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Interviews with Jewelly Festival attendees cosplaying Fox: September 2005

“What’s your name?”
“I’m Angela. Of course, I’m Fox today, but, you know.”
“Can you tell us a little bit about yourself?”
“Um, I’m a sophomore in college, majoring in biology.”
“Biology, huh? That doesn’t seem like the usual Library fan.”
“So what does the “usual” Library fan do? Just because I study science doesn’t mean I can’t also like The Library. Have you even seen the episode where the Norns set up shop in the abandoned laboratory?”
“I apologize, of course biology students can be fans of The Library. Why did you choose to dress up as Fox today?”
“Please. Who wouldn’t dress up as Fox?”

“What’s your name?”
“You know who I am.”
“Okay. Can you tell us what you’re doing here today?”
“I’m here to stop the Forbidden Books, of course.” [Gesturing to another group of cosplayers]
“Can you tell us more about that?”
“Sorry, kid, can’t talk now. Maybe later.”

[One attendee had a T-shirt reading “Misuse of “Literally” Makes Me Figuratively Insane.” This author attempted to ask her why she was wearing a shirt with a slogan, since Fox’s shirts never have writing on them. She declined to answer any questions.]


In one episode of The Library, Prince Wing accused Fox of plotting to murder Faithful Margaret, then cut off her ears and tail and stabbed her with a poisoned knife stolen from a Forbidden Book. The librarians did the best they could, but they couldn’t save Fox. Not without stationery magic, but no one had seen the Letter Openers since the episode when The Accidental Sword set fire to the enchanted-and-quite-flammable bridal suite on the fortieth floor.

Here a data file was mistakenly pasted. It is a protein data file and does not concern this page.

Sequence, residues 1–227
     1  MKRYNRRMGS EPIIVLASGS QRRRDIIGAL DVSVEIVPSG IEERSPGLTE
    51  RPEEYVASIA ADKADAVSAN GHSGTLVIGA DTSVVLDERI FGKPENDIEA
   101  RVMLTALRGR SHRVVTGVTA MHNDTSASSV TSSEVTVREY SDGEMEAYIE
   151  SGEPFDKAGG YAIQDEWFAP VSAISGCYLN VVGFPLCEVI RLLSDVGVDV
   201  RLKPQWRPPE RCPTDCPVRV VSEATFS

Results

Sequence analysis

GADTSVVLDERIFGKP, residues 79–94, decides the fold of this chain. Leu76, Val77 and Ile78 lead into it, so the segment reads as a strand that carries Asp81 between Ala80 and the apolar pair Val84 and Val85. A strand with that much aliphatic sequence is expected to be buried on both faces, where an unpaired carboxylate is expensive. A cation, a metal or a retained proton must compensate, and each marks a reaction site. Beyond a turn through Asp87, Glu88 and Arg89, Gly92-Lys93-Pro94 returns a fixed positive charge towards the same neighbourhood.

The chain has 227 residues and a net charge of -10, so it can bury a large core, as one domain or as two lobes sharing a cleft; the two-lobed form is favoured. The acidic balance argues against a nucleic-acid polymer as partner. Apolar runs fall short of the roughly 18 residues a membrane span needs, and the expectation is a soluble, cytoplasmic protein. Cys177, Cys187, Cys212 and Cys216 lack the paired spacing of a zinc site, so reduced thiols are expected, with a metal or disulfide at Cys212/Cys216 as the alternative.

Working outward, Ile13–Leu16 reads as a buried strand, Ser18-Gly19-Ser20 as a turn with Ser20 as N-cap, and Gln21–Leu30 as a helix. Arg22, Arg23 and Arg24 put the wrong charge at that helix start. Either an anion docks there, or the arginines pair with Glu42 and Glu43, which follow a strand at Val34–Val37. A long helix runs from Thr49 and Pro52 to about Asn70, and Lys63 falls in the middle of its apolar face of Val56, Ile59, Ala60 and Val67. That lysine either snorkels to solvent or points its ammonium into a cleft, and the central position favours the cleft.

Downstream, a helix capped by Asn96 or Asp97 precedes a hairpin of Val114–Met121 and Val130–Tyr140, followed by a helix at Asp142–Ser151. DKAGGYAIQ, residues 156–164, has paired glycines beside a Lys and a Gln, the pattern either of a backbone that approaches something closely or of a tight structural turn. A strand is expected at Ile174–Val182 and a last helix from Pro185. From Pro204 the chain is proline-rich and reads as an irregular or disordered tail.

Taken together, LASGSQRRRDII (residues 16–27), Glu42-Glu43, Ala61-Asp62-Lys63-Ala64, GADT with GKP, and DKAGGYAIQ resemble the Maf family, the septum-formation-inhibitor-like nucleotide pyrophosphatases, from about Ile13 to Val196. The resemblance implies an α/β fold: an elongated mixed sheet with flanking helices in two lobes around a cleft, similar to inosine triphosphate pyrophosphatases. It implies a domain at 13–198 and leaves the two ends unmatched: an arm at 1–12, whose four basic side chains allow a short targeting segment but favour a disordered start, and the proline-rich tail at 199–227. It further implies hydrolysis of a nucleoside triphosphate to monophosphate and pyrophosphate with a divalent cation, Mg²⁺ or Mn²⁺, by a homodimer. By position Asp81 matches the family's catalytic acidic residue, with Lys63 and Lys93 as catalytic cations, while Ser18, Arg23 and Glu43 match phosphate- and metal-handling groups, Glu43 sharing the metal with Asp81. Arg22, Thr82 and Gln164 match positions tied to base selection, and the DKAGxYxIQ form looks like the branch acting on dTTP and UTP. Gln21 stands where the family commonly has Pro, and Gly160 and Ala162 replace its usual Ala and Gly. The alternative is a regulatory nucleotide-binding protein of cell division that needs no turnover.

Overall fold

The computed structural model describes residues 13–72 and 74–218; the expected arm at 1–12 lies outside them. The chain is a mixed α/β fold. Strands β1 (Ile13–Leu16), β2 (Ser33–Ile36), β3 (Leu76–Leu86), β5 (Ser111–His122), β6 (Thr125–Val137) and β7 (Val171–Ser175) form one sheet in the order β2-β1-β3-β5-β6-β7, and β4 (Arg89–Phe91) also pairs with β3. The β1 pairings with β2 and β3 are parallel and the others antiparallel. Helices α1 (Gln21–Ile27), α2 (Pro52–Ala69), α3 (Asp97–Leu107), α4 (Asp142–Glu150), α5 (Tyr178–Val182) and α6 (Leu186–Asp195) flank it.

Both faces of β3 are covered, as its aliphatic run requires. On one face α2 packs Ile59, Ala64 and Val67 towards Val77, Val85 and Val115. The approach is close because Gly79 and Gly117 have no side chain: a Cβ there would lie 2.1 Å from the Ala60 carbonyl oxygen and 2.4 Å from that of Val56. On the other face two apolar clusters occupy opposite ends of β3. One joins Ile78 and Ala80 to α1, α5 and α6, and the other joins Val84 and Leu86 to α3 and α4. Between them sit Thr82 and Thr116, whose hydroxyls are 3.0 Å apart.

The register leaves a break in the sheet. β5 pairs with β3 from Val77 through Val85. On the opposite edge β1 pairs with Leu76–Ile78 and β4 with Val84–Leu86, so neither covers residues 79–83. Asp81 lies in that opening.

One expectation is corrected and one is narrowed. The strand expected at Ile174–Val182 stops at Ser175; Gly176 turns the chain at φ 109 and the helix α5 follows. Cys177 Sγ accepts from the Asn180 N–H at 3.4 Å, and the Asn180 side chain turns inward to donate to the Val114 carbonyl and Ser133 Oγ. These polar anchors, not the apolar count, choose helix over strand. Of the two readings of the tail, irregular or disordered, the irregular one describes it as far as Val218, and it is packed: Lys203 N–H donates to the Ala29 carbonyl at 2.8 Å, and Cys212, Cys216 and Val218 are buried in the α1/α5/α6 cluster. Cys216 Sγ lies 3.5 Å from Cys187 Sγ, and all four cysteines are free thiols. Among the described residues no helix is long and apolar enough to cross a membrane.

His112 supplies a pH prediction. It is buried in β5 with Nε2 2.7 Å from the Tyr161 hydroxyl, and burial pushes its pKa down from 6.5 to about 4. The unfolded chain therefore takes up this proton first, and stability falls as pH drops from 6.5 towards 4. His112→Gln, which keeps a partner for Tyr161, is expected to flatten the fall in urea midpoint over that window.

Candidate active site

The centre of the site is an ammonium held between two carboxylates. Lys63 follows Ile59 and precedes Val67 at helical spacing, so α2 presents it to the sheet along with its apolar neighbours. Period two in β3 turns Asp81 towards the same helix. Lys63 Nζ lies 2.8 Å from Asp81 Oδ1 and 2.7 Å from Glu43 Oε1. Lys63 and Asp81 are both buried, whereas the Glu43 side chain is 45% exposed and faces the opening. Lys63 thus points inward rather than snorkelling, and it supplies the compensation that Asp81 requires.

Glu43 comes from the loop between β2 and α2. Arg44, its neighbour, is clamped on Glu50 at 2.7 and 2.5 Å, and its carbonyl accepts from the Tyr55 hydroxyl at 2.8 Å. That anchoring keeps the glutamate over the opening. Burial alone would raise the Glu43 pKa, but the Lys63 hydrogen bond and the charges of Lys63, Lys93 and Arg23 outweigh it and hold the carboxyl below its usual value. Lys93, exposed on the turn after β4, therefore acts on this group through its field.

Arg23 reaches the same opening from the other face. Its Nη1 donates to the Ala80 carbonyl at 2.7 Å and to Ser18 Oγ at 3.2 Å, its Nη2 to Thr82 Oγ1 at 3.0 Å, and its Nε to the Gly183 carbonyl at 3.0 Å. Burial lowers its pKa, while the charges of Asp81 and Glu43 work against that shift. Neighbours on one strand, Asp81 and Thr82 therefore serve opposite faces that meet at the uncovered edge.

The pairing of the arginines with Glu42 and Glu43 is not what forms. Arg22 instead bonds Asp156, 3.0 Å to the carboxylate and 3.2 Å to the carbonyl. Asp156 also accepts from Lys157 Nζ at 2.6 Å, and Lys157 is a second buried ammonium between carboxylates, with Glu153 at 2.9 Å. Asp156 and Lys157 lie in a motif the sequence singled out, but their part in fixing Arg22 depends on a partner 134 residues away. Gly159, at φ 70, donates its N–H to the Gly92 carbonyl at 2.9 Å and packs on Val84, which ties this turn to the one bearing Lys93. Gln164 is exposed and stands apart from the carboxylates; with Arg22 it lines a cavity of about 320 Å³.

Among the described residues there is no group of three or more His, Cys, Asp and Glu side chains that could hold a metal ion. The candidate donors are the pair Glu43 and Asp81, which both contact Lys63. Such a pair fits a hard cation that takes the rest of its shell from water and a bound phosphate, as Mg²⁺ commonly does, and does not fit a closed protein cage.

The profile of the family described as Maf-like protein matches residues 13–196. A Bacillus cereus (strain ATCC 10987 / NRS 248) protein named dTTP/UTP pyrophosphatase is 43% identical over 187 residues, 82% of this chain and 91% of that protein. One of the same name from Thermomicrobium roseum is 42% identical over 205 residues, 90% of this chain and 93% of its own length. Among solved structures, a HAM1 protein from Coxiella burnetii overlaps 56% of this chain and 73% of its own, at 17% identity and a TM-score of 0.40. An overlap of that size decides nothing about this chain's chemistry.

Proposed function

The librarians couldn’t save Fox, but the statue of George Washington carried Fox through the library, as intimately as the Letter Openers could have done, and it carried her past the circulation desk and away from The Library. Outside, everything was dusty and red like Mars.


Perhaps the most defining moment of Fox as a character is the episode in which she gives birth to a litter of snakes. Fox is the consummate 'tough girl,' and although no one in The Library dislikes her - even Two Devils has admitted he admires her panache - she doesn’t allow anyone to see her vulnerable side, not even Faithful Margaret. Fox is powerful and magical and dangerous and whimsical. Fox’s eyes glint when she sees a target, a mis-shelved book, or a subtle joke. While Fox is universally liked, it is not a stretch to say that her snake-children have been her only canonical experience with love. (Some Fox/Faithful Margaret shippers might disagree, but it is the opinion of this author that while Fox cares very much for Faithful Margaret, she cannot take her seriously as a romantic interest, not least because Fox has a possessive streak.)


This episode of The Library, the one you haven’t seen yet, starts with Prince Wing rummaging inside the secret drawer in the circulation desk. No one knows what he’s looking for. No one cares, not if Fox is dead.

Outside, the smell of hot baked earth and the warmth of the red sun hits her, and she starts awake. She blinks, taking in the sunlight, the throbbing pain where the poisoned knife entered just below her ribs, the searing burn where her ears and tail should be. She feels violated. She feels betrayed. But she can’t waste time on that now. There’s something important she has to do. There’s someone she has to call.